Most passive, minority shareholders invest in closely held corporations expecting to receive a share of the corporation’s profits in the form of dividends. Such minority shareholders may find themselves starved for dividends, however, when directors and/or controlling shareholders take generous salaries, bonuses or other compensation for themselves, leaving little or no profits to be distributed to shareholders.
One might think there is little minority shareholders can do in response to such behavior. After all, under California law, the payment of executive compensation and dividends rests in the sound discretion of the corporation’s board of directors, and only directors have the power to decide whether, when and how much of a dividend will be paid. In re Talbot’s Estate, 269 Cal.App.2d 526, 537 (1969). Even where the corporation has accumulated a large profit surplus, shareholders have no right per se to compel a distribution unless the articles of incorporation make dividends mandatory (which is rare). See, Richards v. Pacific Southwest Discount Corp., 44 Cal.App.2d 551, 558 (1941).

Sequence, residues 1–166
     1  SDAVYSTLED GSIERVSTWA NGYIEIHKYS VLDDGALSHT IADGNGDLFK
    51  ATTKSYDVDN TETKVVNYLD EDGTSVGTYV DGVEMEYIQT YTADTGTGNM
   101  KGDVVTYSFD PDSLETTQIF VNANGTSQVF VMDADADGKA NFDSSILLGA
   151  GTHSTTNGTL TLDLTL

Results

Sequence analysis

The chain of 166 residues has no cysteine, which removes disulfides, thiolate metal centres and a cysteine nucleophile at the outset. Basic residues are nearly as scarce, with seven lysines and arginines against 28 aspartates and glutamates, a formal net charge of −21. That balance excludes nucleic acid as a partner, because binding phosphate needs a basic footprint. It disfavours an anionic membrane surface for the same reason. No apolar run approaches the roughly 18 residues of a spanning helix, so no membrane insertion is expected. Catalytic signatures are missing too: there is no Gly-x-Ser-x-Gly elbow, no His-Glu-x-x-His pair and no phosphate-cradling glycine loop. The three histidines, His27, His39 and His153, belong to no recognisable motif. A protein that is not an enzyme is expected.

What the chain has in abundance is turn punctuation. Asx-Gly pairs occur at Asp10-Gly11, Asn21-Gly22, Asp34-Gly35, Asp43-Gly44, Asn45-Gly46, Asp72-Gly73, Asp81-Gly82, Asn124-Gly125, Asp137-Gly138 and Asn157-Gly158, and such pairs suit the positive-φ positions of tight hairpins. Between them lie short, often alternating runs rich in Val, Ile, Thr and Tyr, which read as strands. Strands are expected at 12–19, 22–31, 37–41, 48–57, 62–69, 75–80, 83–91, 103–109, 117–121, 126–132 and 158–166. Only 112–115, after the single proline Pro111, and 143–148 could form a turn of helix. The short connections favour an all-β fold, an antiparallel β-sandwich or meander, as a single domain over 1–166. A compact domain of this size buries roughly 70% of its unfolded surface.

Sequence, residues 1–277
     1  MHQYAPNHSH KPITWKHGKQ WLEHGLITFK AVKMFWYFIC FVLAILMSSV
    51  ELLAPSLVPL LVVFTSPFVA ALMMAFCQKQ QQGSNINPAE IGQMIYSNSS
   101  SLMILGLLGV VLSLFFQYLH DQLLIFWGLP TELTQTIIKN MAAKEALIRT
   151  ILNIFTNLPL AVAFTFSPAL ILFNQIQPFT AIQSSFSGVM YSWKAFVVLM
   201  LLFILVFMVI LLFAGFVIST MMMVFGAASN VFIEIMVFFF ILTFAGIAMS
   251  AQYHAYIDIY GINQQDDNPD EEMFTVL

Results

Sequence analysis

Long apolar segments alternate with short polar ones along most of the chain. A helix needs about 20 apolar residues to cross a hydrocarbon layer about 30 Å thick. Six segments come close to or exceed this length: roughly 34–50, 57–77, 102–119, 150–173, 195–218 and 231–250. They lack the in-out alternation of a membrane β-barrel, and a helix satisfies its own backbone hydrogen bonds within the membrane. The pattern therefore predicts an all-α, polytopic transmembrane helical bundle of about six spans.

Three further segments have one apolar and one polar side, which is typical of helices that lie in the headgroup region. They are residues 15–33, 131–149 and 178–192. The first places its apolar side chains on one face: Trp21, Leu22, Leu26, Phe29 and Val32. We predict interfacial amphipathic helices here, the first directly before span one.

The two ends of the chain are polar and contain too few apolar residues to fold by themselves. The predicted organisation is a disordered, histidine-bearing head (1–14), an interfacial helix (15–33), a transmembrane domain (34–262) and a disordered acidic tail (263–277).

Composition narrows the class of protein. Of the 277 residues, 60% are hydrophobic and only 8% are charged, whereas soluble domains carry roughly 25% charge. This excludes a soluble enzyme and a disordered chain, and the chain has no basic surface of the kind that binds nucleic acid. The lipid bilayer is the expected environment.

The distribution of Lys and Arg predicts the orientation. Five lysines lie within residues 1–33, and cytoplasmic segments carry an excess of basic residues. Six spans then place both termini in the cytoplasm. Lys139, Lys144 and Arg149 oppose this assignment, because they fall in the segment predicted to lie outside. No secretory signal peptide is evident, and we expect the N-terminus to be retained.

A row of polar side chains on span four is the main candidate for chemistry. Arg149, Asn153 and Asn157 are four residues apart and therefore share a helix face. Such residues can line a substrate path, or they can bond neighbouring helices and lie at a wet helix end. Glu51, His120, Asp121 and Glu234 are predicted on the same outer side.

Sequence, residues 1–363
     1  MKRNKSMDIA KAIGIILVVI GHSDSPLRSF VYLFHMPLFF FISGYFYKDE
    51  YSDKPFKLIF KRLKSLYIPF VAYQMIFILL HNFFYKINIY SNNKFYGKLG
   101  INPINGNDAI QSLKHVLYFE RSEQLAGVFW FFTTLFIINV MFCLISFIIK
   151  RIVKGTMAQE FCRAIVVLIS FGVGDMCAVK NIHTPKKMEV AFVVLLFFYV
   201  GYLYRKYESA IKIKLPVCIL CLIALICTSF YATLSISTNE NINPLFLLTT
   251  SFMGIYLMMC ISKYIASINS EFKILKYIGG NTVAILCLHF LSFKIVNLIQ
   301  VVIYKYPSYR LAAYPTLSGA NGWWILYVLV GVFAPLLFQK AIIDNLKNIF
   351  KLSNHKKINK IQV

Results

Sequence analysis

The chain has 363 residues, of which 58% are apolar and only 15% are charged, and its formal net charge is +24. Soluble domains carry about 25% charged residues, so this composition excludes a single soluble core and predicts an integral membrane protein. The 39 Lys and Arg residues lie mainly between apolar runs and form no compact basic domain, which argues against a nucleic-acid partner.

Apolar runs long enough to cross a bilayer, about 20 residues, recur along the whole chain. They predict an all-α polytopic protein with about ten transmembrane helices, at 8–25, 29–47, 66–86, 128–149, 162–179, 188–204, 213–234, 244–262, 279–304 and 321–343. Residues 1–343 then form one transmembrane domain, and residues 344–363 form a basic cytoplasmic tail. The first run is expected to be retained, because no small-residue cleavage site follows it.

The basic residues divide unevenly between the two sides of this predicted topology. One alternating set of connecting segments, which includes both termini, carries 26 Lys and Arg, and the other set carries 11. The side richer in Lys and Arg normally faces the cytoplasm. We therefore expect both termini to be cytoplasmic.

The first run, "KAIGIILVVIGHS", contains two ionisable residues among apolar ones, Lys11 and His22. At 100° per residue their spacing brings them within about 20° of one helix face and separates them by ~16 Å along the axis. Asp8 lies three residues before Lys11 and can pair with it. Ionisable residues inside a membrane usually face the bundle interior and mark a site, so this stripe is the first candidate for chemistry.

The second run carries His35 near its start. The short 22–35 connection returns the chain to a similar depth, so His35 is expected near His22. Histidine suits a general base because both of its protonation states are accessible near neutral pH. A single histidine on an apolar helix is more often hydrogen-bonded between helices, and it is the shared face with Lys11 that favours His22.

Notwithstanding the foregoing, it is firmly established in California that directors who refuse to declare dividends while voting excessive compensation to themselves and/or controlling shareholders can be held personally liable to minority shareholders if a court finds that all or a portion of that compensation was actually a distribution of corporate profits (or a “disguised dividend”)… Read More
Although double derivative standing has been adopted in many jurisdictions outside California to address the modern corporate form, California courts have yet to rule on whether it will be allowed in this state. Application of the double derivative principle permits a shareholder of a parent company to sue for harm to its subsidiary and prevents corporate fiduciaries from using the parent-subsidiary form to circumvent shareholder derivative litigation. California’s policy of affording a right for every wrong, however, portends California’s adoption of double derivative standing…. Read More (PDF)